Let me first say thank you for all your great feedback for my paper. It was all extremely encouraging as well as helpful. Now then, when you mention sources that deal with the history of mental illness, are you referring to that general umbrella or something more specific? If you had something specific in mind, it would be good to search for that. I am just thinking that it is such a broad topic and refining it would make for easier research. Also, it is possible that you may find that special beginning quote while researching the topic of mental illness, so keep your eyes peeled. Another thing that you may want to add to your list is ensuring that each paragraph states the function it plays in your essay. Well, this is the most I can think to say at the moment. I hope it was helpful.

    • Hi Caitlyn,
      my favorite parts of your paper as a reader are the parts where you delve into Hamlet and other plays. I had many “ah ha!” moments when I read your insights, especially for Hamlet. You hammer home points I would have never thought of, and as a reader, those are always my favorite moments.

      Please feel confident to include your own voice liberally throughout, a bit of wisdom you offered to me!

  • Hello again, everybody! This week, I gave a presentation in class on A Midsummer Night’s Dream by William Shakespeare. Before diving into secondary sources, here a little background on the text itself. According […]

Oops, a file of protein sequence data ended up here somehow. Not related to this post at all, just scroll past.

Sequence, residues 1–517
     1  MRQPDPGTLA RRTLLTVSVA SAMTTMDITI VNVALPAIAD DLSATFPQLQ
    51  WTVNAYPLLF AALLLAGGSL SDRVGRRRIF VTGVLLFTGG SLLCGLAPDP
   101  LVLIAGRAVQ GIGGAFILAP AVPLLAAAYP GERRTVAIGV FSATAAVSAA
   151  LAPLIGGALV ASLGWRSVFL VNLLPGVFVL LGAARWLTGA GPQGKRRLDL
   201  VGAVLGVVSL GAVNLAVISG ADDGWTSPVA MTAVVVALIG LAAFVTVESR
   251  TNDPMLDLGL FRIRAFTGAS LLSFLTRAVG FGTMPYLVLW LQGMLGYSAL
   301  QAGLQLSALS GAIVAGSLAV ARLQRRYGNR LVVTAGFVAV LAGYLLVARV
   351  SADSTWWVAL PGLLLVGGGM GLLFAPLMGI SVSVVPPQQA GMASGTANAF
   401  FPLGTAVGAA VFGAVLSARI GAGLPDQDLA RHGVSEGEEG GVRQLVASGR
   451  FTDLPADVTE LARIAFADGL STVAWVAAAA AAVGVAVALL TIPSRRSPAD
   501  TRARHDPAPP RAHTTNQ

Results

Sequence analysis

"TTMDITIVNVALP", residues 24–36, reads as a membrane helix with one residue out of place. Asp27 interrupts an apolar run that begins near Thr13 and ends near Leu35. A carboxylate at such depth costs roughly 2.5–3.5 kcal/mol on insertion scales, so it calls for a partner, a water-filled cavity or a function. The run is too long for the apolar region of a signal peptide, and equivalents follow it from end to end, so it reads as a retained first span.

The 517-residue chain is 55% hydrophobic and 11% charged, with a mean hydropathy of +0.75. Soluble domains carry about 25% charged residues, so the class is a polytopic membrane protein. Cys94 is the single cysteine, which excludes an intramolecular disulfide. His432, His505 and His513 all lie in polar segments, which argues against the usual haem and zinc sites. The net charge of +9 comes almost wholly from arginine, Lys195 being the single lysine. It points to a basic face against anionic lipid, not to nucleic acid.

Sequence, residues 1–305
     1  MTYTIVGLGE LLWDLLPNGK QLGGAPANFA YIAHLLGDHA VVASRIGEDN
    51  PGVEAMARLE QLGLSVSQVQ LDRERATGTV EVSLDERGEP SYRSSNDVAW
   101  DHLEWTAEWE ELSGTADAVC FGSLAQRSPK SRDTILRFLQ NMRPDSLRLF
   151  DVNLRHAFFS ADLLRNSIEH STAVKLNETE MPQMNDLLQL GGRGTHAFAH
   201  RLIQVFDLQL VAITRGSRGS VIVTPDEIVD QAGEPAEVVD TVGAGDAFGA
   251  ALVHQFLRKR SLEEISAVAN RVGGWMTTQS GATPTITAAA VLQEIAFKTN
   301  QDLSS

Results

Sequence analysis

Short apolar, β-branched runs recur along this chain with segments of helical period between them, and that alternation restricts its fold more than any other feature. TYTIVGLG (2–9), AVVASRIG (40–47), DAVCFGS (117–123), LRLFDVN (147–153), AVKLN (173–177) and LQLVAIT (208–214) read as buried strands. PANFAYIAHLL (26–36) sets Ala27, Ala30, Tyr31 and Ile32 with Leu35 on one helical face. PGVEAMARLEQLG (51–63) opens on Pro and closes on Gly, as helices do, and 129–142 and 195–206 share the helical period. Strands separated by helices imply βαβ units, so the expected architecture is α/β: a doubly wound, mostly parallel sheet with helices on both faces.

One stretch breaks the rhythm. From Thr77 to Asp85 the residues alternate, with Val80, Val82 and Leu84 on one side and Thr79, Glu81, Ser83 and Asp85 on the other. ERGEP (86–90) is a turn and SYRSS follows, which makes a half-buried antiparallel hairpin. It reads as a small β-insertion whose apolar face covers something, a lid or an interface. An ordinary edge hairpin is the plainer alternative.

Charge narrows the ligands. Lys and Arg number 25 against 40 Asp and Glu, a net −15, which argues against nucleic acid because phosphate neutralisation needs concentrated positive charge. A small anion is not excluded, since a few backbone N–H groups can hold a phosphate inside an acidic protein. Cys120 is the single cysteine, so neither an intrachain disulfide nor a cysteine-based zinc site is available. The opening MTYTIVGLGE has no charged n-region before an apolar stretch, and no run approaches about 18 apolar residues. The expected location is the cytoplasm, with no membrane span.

• After receiving some great feedback this week from Professor Tougaw, Michelle, and Francesca, I think I have a pretty clear plan of attack for the next few weeks. Following their suggestions, the first thing I am […]

    • Hey Caitlin! Sorry for the late comment. We weren’t group mates from the start so I wasn’t around for the early working out of your paper. But I’m glad we’re in the same group now and I hope to do the best I can to help you. Based on what you noted here, you had a specific set of plans for your draft and it seems you did most of them from our discussion in the workshop. I have not read your paper just yet but I hope to give you specific and useful feedback.

  • Hahaha, oooh no keep those subheadings in for me! I’m going to need a few good laughs by the time I’m done writing my own paper! My subheadings are in my head for the time being, but having them is definitely helping. My introduction, as it turns out, is pretty representative of the rest of my paper. Everything I’m writing is long and there is a…[Read more]

  • Oh, one last thing! I’m still reading some of my sources so I’m not putting them in my paper (yet). I’m a little concerned that when I want to insert them later they will disrupt the flow of my paper. I usually just write straight from the introduction to conclusion and have never added things in the middle so I’m a little concerned with how that…[Read more]

  • Hello all! I meant to let everyone know how my paper was going earlier, but as I keep writing, the problems I am facing keep changing. The very first thing that tripped me up was deciding exactly how I want to […]